NO!: BLACK FRANCIS (#506, JUL 11 2009).
It's sort of fitting that this podcast should end with Frank Black playing an early Pixies song, since seeing the Pixies in late 2004 was what prompted me to get a small digital camera I could take into shows. This show provided as much excitement as that Pixies show, surprisingly, with so many songs I really wanted to hear ("Cactus" and "Bullet" were the highlights).
Now I'm on sort of a permanent holiday. I hope to get back to something like this in the near future, but it'll be more irregular and a bit thicker. I'm thinking about getting into the show-booking business, and it might be tied to that. We'll see. Until then, it's been fun.
As of yesterday, we've left Madison and now live in Carbondale, IL. I updated my Where I've Lived on Facebook and everything, which makes it really official. I'm starting on the faculty at Southern Illinois University in a couple weeks and I think we're going to find it much harder to go to shows down here, so things with the blog and the podcast will probably be changing quite a bit. With any luck I'll be able to coax my friends from Madison, Milwaukee and Chicago down here to play once in a while, but that's just a possibility at this point. I have one more podcast episode to post, and we'll be posting updates somewhere about the work we do on the house we bought. Keep your eyes pealed for what's next.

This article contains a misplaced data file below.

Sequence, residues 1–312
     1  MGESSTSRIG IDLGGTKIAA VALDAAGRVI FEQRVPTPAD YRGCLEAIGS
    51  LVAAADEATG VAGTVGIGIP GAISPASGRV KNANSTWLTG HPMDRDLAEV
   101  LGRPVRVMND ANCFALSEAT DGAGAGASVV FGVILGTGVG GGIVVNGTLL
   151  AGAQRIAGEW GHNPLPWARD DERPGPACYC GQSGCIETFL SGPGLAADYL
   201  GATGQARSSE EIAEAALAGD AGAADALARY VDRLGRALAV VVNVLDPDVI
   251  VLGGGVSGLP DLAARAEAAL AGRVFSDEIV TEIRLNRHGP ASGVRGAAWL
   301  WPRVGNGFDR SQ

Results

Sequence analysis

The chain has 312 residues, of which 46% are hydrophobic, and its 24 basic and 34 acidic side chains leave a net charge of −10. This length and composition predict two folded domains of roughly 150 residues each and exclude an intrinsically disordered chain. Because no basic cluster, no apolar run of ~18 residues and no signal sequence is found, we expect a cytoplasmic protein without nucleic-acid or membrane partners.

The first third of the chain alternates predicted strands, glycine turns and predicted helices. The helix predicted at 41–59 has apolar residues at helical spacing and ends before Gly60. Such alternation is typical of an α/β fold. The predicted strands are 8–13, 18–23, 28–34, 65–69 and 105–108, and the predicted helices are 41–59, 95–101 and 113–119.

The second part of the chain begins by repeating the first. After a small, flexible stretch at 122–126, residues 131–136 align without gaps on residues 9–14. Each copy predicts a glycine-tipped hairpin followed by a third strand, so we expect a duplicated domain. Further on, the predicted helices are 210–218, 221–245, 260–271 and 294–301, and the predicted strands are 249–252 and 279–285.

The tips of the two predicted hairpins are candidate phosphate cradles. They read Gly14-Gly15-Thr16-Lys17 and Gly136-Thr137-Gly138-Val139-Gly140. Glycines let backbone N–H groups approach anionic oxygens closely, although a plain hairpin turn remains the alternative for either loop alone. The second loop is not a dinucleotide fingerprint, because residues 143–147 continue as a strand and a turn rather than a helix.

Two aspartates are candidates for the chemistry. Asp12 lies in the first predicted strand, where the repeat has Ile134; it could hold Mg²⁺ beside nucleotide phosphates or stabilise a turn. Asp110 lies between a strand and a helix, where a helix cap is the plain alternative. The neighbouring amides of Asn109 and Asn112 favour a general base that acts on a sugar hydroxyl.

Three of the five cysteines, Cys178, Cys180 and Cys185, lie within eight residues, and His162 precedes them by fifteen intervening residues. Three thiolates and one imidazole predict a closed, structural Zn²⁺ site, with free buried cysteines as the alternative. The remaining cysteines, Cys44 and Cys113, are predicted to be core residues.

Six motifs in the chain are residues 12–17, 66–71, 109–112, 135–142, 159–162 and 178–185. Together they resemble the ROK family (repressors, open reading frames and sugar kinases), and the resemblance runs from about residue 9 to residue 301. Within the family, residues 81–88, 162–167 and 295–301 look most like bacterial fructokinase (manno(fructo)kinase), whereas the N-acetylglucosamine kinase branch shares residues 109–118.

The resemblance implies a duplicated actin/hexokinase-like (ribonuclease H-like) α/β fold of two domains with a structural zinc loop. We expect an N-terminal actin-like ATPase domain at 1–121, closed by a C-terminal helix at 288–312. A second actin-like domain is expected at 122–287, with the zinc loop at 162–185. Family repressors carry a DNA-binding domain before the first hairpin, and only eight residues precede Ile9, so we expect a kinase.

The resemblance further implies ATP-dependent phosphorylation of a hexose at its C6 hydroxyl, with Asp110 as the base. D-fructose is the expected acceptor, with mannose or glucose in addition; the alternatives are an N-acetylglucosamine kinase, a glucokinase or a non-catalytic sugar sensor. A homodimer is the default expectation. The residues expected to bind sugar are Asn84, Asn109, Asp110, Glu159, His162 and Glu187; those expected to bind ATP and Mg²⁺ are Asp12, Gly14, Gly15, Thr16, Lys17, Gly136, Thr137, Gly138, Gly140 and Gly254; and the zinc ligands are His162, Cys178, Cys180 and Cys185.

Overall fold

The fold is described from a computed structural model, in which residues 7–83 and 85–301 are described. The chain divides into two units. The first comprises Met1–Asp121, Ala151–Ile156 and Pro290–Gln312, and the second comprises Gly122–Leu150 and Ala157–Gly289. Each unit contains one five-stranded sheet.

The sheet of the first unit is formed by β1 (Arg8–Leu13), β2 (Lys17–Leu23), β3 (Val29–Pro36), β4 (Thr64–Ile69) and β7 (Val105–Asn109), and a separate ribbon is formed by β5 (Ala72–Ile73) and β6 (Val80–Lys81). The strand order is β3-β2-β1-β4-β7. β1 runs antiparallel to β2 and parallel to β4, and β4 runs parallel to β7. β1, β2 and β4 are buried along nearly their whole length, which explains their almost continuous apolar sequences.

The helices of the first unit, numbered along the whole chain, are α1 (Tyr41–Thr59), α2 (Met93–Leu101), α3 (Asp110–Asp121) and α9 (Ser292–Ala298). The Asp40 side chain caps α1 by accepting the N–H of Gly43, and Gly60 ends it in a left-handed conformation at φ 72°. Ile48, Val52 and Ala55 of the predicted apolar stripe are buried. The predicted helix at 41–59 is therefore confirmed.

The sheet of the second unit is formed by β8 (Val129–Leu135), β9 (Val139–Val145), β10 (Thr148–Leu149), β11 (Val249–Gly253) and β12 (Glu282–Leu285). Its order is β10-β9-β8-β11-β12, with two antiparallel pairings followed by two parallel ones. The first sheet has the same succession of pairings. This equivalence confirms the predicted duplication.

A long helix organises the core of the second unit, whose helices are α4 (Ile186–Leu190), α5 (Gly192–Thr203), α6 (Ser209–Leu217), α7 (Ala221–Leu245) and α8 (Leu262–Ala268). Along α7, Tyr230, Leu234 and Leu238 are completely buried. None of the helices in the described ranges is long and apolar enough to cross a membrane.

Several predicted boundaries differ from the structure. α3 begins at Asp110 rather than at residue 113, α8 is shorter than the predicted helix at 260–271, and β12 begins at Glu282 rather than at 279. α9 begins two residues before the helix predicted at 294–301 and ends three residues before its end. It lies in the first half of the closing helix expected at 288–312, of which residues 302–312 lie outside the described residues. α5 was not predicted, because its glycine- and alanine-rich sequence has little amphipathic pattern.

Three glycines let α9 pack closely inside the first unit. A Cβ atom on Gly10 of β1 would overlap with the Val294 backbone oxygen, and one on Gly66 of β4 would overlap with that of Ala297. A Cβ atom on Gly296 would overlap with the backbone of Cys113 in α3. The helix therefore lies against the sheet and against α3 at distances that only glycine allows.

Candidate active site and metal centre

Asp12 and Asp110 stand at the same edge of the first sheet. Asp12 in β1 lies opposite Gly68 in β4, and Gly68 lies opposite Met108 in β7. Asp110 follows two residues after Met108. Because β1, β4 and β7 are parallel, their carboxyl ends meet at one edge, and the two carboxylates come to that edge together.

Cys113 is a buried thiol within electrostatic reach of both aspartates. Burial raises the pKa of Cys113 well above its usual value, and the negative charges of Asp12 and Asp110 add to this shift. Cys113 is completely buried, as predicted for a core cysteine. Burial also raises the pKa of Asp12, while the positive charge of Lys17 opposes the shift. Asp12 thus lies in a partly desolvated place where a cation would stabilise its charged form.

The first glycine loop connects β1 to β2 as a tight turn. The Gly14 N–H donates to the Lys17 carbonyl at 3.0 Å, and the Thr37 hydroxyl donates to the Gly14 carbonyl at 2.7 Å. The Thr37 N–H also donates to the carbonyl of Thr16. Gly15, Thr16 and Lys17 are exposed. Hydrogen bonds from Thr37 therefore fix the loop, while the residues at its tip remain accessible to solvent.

NO!: BLACK FRANCIS (#505, JUL 11 2009).
It was an odd coincidence that our last two High Noon shows were of the intimate, semi-acoustic variety. Opening for Frank Black was Mark Waldoch of Milwaukee's Celebrated Working Man, kind of the mirror-image of Jon Auer. While playing he was supremely confident and poised, but between songs he seemed a little overwhelmed by opening for a legend and playing to a legend's crowd. He actually complimented the audience for their kindness and the weird thing was he was right -- it was the nicest High Noon crowd I've ever seen.
But then I got to thinking, I've never heard of this supposed Milwaukee-based Celebrated Working Man, and I've never seen this guy before. He's kind of a big guy and his material is not terribly different from Frank Black's recent work. What if Mark Waldoch doesn't exist, but is a persona Frank takes on -- a wig, some make-up, an outfit just the negative of what he wears for his set -- and identifies as from a band in a nearby city? It would be like the time U2 opened for themselves way back when. Maybe Frank's next album would be called The Celebrated Working Man and include the songs he played as Waldoch, etc.